Vermont superintendent gets behind wheel amid bus driver shortage

Published: Dec. 19, 2022 at 5:41 PM EST
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WAITSFIELD, Vt. (WCAX) - While schools across Vermont struggle to fill bus driver jobs, some district officials are taking matters into their own hands.

Harwood Unified Union Schools Superintendent Michael Leichliter is looking to acquire his commercial driver’s license to play backup for school bus drivers, at least when needed.

“If I can drive a route and get students to school and not have to close down schools or inconvenience parents with consolidating routes,” Leichliter said.

Leichliter is looking to be a team player in the district, trading his office some mornings for a school bus.

“There are going to be two substitutes, including myself,” he said.

The district currently has exactly enough drivers. So he and a principal in the district will play backup once he gains his CDL.

“I’m just starting to learn now so I have not started the on-the-road training,” he said.

Leichliter says this obviously isn’t a long-term solution but it can help.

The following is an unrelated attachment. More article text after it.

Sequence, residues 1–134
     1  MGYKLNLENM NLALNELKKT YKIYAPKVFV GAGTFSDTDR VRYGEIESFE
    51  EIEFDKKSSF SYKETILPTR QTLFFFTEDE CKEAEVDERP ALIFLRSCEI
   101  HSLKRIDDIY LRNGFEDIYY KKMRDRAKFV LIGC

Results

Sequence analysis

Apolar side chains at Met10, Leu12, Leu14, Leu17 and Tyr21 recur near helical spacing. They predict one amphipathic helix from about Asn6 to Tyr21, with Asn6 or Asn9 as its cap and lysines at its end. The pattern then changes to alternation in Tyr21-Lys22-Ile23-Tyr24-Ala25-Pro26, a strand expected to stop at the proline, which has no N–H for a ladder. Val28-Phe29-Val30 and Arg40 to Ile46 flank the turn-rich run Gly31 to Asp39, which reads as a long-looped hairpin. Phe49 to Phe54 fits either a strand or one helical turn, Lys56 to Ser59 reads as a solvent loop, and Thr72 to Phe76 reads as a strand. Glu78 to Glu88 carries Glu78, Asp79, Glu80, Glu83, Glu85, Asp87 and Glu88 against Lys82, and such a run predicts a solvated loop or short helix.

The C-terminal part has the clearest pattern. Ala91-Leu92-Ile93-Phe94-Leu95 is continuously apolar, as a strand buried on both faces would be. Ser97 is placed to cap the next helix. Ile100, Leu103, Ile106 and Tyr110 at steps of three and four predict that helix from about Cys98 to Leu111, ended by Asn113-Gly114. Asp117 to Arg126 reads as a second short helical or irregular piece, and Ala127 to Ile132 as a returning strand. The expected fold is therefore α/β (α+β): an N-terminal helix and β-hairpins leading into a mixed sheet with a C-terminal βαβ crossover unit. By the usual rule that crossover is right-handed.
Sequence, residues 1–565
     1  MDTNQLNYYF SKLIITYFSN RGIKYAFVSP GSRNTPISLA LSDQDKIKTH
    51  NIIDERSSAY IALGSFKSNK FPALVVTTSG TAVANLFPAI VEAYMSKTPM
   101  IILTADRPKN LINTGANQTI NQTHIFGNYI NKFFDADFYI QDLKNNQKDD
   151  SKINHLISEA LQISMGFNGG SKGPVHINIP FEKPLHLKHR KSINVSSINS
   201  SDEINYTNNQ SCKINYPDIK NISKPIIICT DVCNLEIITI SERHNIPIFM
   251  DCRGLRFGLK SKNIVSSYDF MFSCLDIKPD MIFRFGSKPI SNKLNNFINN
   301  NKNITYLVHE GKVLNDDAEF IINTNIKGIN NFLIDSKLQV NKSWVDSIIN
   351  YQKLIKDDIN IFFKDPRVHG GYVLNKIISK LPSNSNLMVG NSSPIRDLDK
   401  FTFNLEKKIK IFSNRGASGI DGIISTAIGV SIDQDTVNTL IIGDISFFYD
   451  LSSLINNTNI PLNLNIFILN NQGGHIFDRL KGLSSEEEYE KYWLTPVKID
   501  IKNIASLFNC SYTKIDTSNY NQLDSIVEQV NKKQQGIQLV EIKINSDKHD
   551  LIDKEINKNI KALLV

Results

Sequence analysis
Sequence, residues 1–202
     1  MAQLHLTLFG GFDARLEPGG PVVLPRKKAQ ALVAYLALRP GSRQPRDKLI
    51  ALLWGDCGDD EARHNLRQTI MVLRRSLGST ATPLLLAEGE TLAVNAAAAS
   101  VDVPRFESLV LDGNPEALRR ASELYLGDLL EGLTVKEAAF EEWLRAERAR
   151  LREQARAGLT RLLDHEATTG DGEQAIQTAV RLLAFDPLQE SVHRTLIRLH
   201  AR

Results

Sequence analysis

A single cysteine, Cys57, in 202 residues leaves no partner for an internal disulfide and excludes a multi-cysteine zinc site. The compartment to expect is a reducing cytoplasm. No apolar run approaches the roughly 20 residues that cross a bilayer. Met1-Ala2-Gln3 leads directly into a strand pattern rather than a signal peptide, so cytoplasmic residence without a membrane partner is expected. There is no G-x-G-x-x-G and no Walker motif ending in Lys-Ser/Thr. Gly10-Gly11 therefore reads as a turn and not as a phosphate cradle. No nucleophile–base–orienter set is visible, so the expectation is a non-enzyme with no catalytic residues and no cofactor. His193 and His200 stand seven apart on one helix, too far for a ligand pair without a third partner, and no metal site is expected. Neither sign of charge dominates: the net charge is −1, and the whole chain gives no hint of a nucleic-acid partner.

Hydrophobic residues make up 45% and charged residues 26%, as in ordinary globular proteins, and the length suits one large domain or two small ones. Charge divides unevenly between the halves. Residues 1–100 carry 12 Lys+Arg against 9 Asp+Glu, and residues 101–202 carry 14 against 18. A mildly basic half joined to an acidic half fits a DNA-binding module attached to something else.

Meanwhile, districts across Vermont are looking everywhere for drivers to fill their needs.

“If you know anyone that wants to learn to drive a school bus, please contact our contractor, Mountain Transit,” says a voice message that goes out to the Essex Westford School District whenever they announce route cancellations due to the shortage.

According to Student Transportation of America, at least six districts are looking for drivers.

“The shortage of drivers is a national problem, it’s not just a Vermont issue,” said Patrick McManamon, the education supervisor with the Vermont DMV, who oversees the state’s school bus program.

The state runs clinics that deal with Vermont law around school buses and drivers are required to complete that course before getting behind the wheel of a school bus.

“Believe it or not, school bus law and laws surrounding school buses can be confusing for some people,” McManamon said.

He says the training and courses are critical to safety but they are time-consuming.

While those aren’t going anywhere, there are other areas he thinks could change to help fill vacant driver seats.

“What I do see changing for drivers are benefits that are available for drivers,” McManamon said.

He says pay and hour adjustments could make a difference. But his courses are filling back up and he anticipates roughly 700-800 people will complete the course in the coming year, both renewals and new drivers.

Back in Waitsfield, Leichliter says while he takes on the courses, he hopes others will consider helping, too.

“Any parent or any community member that is interested, we would love to have more drivers,” he said.

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